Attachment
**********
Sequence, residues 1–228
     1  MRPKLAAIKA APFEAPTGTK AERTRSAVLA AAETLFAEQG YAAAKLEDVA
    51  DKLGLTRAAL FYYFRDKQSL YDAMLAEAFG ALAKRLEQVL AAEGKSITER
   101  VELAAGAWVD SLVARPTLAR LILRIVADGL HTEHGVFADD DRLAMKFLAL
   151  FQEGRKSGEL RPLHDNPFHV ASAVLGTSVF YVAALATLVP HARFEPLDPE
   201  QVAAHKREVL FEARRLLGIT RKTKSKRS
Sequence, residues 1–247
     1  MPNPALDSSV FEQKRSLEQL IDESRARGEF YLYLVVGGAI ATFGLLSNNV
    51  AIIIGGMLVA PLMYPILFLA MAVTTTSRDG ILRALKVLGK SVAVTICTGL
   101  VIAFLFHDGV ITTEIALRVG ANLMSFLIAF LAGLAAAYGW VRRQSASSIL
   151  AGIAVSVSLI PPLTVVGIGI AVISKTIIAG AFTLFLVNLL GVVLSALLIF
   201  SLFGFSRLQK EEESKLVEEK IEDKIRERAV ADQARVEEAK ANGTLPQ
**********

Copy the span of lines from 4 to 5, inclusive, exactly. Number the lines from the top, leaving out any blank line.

   101  VELAAGAWVD SLVARPTLAR LILRIVADGL HTEHGVFADD DRLAMKFLAL
   151  FQEGRKSGEL RPLHDNPFHV ASAVLGTSVF YVAALATLVP HARFEPLDPE